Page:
Line chart demonstrates the potential cost of common behavioral biases: chasing past winners or losers.
Y-axis: $0-$450; x-axis: 2001 – 2020.
Chart compares three portfolios:
- Hypothetical moderate growth and income liquid (3AG) portfolio
- Hypothetical top performer portfolio
- Hypothetical bottom performer portfolio
All three portfolios begin at $100 but quickly diverge. Initially the hypothetical top performer portfolio outperforms (rising to over $413 in 2007), followed by the MGI liquid 3AG portfolio (near $176 in 2007), with the bottom performer portfolio trailing (near $141 in 2007). By the recession of 2008, both the top performer and bottom performer portfolio results dip sharply (to approximately $194/near $93, respectively), with the MGI liquid 3AG portfolio seeing a decline (to $132). By 2009, the hypothetical top performer portfolio remains the top performer, followed by the hypothetical bottom performer portfolio and the MGI liquid 3AG portfolio in a tie near $167. By 2013, however, the MGI liquid 3AG portfolio results exceed the top performer portfolio, (both near $245), while the bottom performer portfolio remains in last place near $196. From that point the MGI liquid 3AG portfolio rises above $415 by 2020, with the top performer portfolio at about $330 and the bottom performer portfolio near $168.
Sources: © 2021 – Morningstar Direct, All Rights Reserved1, Wells Fargo Investment Institute. Annual data from December 31, 2001 to December 31, 2020. Indexed to 100 as of December 31, 2001. The top performer portfolio consists of the top performing asset class of the previous year invested 100% in the portfolio in the current year. The bottom performer portfolio consists of the bottom performing asset class of the previous year invested 100% in the portfolio in the current year. Portfolio compositions are provided on following slide. Performance results for the Moderate Growth and Income Liquid (3AG) Portfolio and the top and bottom performer portfolios are hypothetical and do not represent an actual portfolio in existence now or during the time period shown. Index return information is provided for illustrative purposes only. Index returns do not represent investment performance or the results of actual trading. Index returns represent general market results, assume the reinvestment of dividends and other distributions and do not reflect deduction for fees, expenses or taxes applicable to an actual investment. Hypothetical and past performance is no guarantee of future results. Unlike most asset class Indexes, HFR Index returns reflect deduction for fees. Because the HFR Indexes are calculated based on information that is voluntarily provided actual returns may be lower than those reported. An index is unmanaged and not available for direct investment. Hypothetical and past performance do not guarantee of future results. See “Index Definitions and Asset Class Risk Disclosures” link above for portfolio compositions, risks and index definitions.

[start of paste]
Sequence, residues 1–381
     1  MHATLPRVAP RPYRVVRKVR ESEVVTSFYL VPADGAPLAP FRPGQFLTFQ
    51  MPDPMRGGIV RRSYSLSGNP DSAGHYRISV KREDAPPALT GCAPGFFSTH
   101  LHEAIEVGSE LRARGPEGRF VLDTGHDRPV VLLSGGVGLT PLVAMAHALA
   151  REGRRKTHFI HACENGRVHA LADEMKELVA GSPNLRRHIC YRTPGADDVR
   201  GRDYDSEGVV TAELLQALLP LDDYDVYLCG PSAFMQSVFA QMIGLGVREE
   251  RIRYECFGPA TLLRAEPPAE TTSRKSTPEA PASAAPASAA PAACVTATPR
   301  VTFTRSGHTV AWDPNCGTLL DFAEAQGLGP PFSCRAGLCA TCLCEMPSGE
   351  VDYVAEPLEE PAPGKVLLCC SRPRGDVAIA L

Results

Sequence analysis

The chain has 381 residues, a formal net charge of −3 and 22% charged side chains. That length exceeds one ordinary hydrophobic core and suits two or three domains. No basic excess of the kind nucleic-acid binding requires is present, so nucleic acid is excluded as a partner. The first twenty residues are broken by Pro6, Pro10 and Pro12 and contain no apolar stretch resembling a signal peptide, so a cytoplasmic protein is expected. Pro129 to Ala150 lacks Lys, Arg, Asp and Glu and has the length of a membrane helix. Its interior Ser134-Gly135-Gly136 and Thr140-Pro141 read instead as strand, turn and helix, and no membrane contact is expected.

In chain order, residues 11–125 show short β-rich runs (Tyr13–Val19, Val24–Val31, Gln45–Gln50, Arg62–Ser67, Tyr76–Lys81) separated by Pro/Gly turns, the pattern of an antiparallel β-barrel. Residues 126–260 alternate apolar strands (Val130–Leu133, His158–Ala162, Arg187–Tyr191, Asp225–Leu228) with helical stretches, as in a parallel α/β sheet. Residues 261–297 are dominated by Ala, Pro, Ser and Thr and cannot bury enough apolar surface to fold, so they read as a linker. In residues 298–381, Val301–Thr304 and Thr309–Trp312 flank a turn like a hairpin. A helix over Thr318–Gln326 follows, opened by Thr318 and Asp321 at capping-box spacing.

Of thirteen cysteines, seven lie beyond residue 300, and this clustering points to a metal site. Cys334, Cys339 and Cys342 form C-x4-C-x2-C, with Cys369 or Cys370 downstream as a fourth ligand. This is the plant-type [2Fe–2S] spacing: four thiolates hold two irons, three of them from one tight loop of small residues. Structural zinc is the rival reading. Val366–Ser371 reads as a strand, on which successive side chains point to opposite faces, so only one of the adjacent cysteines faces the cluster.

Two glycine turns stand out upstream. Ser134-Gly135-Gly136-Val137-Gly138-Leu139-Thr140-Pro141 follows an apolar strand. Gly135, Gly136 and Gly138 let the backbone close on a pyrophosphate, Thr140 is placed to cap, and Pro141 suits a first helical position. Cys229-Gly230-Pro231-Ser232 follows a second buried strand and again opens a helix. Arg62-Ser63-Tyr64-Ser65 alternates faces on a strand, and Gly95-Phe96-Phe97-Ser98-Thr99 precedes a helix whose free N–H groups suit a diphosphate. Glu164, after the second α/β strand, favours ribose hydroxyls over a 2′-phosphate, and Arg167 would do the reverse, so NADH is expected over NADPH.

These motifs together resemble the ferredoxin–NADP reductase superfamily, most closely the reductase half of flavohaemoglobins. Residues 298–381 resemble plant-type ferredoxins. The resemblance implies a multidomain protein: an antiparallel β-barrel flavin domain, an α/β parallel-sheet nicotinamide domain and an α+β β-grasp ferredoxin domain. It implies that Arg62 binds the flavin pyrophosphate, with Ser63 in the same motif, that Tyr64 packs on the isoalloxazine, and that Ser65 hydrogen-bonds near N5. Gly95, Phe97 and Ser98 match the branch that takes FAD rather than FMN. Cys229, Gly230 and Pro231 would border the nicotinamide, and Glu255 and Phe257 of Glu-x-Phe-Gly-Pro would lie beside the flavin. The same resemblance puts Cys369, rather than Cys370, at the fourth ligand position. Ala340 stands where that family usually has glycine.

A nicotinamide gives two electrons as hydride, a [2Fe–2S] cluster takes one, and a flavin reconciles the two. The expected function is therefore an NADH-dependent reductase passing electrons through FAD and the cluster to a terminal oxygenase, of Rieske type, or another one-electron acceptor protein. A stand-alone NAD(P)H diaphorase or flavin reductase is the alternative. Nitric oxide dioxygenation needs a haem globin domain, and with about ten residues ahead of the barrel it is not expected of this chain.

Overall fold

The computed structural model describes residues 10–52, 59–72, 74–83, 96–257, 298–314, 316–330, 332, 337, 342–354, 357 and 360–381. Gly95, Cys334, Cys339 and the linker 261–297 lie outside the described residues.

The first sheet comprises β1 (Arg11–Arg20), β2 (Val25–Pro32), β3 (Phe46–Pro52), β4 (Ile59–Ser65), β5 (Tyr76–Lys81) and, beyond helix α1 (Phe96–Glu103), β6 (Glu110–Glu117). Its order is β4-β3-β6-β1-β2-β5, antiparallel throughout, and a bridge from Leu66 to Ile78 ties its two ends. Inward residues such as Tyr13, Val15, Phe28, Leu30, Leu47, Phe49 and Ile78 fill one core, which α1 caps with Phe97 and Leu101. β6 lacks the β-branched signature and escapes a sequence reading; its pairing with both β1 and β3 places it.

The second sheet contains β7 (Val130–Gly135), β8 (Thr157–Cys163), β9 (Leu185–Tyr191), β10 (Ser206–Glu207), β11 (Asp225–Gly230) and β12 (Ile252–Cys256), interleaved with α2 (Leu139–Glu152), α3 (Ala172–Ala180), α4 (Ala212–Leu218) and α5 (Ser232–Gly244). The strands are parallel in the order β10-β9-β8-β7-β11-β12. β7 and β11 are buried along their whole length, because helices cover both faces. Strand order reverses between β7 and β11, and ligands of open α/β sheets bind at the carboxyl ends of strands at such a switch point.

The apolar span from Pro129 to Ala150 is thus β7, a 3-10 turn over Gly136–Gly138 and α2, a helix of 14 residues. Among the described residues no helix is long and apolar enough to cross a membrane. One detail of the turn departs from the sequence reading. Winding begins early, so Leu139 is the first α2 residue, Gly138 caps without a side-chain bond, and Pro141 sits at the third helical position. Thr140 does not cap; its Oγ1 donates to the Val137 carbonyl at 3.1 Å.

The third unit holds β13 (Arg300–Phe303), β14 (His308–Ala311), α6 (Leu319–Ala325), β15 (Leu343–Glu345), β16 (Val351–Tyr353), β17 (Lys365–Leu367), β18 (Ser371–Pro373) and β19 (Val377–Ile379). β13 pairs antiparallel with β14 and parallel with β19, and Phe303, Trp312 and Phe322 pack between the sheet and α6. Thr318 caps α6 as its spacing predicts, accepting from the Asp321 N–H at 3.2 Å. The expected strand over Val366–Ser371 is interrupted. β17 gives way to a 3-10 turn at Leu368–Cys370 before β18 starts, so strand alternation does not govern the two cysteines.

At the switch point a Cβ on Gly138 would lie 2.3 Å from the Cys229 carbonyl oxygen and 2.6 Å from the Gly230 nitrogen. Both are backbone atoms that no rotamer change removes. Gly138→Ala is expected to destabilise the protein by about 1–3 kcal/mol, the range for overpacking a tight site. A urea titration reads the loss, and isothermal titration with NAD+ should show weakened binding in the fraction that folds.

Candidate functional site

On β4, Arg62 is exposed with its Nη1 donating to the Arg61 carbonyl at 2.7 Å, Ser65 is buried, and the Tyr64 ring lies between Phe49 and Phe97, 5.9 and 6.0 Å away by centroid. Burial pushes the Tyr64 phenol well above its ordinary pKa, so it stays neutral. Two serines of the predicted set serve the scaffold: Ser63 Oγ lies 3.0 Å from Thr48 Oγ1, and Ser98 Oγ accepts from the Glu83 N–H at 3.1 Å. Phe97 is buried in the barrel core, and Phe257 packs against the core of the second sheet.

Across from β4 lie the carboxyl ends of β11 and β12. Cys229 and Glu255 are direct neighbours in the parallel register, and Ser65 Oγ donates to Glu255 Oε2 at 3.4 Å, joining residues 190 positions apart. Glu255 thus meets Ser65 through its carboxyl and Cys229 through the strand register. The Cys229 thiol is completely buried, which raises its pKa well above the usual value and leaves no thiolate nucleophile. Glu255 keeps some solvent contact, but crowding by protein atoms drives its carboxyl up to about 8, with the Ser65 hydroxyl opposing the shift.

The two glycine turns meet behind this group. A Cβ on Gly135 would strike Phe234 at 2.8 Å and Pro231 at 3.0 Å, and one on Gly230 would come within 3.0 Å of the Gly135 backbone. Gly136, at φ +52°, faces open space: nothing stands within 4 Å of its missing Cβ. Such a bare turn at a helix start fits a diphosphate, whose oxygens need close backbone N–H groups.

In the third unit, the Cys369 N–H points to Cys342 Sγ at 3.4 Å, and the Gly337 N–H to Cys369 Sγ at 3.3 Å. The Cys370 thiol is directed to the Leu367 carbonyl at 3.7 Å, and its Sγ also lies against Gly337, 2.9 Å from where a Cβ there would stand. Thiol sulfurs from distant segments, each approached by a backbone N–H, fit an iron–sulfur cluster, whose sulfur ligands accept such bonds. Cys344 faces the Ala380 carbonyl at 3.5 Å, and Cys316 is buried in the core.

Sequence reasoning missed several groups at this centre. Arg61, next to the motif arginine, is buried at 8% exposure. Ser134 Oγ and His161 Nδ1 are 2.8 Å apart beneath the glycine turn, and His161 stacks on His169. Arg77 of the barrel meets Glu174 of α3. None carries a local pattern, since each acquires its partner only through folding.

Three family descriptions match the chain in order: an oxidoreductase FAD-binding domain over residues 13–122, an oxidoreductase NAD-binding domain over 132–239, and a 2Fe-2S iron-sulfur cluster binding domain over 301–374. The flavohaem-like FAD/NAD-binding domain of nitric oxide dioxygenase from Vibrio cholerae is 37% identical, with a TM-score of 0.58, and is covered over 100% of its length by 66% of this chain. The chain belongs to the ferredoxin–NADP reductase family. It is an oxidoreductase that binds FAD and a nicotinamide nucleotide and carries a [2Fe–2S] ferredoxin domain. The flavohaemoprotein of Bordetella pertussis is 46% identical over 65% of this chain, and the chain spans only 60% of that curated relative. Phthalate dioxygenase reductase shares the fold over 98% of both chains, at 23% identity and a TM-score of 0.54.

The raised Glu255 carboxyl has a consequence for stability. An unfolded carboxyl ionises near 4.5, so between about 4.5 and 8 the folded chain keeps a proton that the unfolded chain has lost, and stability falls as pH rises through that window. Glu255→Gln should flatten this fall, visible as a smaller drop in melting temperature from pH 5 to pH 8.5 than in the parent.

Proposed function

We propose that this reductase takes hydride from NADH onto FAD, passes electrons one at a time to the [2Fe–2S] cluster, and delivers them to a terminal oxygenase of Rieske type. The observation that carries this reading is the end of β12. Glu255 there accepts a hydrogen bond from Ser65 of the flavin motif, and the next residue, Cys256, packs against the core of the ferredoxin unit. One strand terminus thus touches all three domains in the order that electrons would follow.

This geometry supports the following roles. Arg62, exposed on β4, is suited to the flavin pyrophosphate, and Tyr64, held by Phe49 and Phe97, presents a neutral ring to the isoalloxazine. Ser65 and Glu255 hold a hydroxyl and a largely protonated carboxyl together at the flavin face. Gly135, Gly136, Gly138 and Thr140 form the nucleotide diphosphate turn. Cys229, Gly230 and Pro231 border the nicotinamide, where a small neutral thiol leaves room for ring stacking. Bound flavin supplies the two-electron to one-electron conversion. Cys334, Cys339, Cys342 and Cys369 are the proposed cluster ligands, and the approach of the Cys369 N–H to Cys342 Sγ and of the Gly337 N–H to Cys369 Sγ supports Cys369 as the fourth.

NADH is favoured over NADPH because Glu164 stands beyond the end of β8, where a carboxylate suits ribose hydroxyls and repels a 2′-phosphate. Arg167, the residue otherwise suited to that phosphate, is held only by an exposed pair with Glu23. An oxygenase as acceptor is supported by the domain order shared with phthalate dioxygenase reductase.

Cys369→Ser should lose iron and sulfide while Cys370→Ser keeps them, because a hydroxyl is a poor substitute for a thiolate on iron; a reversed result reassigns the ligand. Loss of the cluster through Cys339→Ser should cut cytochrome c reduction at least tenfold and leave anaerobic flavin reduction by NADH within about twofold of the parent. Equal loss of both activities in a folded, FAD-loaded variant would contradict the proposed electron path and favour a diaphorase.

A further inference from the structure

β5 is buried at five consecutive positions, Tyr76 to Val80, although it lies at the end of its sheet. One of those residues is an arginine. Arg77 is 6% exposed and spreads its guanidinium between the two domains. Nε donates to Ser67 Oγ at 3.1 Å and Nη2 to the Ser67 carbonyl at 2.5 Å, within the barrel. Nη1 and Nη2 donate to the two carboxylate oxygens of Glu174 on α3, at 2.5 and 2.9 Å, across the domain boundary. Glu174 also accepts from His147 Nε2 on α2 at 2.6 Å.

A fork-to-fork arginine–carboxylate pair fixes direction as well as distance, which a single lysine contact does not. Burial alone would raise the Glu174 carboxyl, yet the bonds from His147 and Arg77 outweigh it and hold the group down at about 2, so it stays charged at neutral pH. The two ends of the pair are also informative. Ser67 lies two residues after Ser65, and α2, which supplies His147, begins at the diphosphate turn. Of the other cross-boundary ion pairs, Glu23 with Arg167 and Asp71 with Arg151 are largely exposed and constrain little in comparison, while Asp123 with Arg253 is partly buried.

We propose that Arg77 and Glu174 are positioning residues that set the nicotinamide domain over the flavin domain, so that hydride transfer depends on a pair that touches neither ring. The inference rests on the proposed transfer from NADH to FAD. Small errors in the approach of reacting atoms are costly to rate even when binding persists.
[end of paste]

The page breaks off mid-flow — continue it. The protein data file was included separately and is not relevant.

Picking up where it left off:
Diversification strategies do not guarantee investment returns or eliminate the risk of loss.
1. All Rights Reserved. The information contained herein: (1) is proprietary to Morningstar and/or its content providers; (2) may not be copied or distributed; and (3) is not warranted to be accurate, complete or timely. Neither Morningstar nor its content providers are responsible for any damages or losses arising from any use of this information.
- Chasing the previous year’s top-performing asset class or worst-performing investment is a strategy that some investors have tended to follow.
- We have found that following the best-performing asset class (hot hand fallacy) and worst-performing investment (gambler’s fallacy) did not result in better performance than a diversified portfolio.